A local family got the surprise of their life earlier this month when a Joplin auto repair shop gave them a vehicle for their teenage son, who is autistic.
“Just wanted people to know that there are angels in heaven watching over us and angels on this earth in disguise,” said Kristin Sageser in a Facebook post about Kevin’s Auto Repair that has gone viral, having been shared more than 2,000 times. “He will never know how much he helped this boy out and how thankful we are.”
Sageser’s son, Caleb Phillips, now 19 and a student at WTI in Joplin, had been the proud owner of a car that he’d purchased himself three years ago, his mother told the Globe.
“Caleb is autistic and worked and save his money to buy his own car, and we were so proud of him,” she said. “He got that car when he turned 16 and drove it this long, and that alone is a feat.”
But the car broke down two weeks ago, and the family wasn’t having much luck getting it repaired. On a friend’s suggestion, Sageser and her husband took the car to Kevin’s Auto Repair, 231 N. Schifferdecker Ave.
When the shop got a look at the car, they saw that it was rusted underneath from one end to the other, Sageser said. She called her son to give him the news; he told her that he didn’t have the money to fix it, and that it would be better just to scrap it.
For the following week, Phillips borrowed his great-grandfather’s pickup truck until the family could find a new vehicle for him.
And then Kevin Iseli called. The owner of Kevin’s Auto Repair asked Sageser if they had found a replacement vehicle yet; they hadn’t. He had one to offer, he said.
Sageser asked him how much he was asking, thinking the family would be able to take out a loan to help purchase it for Phillips.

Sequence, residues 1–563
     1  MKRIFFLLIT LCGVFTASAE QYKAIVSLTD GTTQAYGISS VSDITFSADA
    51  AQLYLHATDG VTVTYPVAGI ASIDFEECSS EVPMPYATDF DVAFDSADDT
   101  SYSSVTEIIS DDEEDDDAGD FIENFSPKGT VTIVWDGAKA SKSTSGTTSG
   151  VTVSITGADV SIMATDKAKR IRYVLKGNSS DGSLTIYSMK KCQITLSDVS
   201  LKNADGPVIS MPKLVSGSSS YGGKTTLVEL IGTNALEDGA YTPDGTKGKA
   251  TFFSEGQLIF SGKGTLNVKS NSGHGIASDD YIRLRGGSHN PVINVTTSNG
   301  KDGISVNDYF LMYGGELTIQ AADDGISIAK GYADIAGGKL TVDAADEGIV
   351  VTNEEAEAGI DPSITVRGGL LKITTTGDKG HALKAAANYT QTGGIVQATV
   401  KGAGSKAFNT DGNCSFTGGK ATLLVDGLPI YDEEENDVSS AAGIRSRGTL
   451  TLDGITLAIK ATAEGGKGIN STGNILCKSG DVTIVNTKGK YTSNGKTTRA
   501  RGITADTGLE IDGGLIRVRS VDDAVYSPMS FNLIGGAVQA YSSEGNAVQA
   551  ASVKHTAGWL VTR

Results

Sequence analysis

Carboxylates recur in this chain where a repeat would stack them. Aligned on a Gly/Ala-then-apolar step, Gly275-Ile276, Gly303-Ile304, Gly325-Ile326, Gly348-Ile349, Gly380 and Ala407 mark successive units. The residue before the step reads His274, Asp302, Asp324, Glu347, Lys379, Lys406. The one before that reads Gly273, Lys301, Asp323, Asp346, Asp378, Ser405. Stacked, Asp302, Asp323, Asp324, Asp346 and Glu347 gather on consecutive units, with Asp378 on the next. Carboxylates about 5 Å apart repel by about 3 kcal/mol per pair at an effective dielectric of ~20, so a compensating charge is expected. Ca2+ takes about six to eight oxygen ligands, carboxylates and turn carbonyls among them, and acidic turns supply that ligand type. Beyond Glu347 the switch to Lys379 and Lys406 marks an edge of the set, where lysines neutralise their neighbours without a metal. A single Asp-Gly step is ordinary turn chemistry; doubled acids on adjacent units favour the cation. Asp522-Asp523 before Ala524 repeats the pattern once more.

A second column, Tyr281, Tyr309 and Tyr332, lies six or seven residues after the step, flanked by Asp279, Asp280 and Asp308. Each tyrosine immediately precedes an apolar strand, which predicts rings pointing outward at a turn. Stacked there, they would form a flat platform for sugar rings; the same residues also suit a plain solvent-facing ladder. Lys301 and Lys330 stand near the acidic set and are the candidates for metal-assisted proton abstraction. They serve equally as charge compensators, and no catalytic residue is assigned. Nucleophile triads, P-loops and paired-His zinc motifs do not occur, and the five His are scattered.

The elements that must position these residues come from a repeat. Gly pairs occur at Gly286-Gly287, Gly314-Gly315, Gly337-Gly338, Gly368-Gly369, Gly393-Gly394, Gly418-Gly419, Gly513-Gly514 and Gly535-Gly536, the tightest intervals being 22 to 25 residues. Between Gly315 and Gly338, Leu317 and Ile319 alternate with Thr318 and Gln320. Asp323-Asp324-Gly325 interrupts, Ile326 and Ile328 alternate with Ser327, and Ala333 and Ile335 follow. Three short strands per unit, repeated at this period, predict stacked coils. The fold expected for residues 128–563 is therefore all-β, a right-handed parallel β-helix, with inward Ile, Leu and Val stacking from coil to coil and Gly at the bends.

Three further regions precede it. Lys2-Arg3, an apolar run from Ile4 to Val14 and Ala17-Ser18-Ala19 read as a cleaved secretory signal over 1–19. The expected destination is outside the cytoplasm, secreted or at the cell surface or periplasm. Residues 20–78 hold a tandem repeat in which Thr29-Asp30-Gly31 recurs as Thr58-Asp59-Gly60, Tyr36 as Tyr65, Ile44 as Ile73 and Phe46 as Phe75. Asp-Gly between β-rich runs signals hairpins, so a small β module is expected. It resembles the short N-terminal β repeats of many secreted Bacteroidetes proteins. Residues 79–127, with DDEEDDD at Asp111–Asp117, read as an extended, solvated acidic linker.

“Bless his heart, he says, ‘I want him to have it,’” she said. “I hang up the phone, and I’m bawling.”
Iseli, who has been in business for about five years, said he wanted to give the car to Phillips because, as the dad of five children, he understands that money can sometimes be tight in households, especially when a vehicle unexpectedly breaks down.
“It’s not a big deal to me,” he said of his gift to Phillips. “I had a car I wasn’t doing nothing with, so I thought I’d give it to him and help him out.”
Iseli and Phillips met for the first time when the 19-year-old went to pick up the car. The vehicle even had a full tank of gas in it, Sageser said.
“We can’t be thankful enough,” she said. “Come to find out, he’s just an amazing guy.”
As for her son, “he’s just over the moon,” she said.
Work of an angel?
Kristin Sageser said she believes her late mother, who passed away recently, had something to do with the car donation to her son, Caleb Phillips.
"My mom moved heaven and earth for that boy when she was here, and this was the first obstacle with her gone," she said. "We really feel her hand in this. ...With his grandma gone, (Caleb) has not been himself, and now he's been really happy."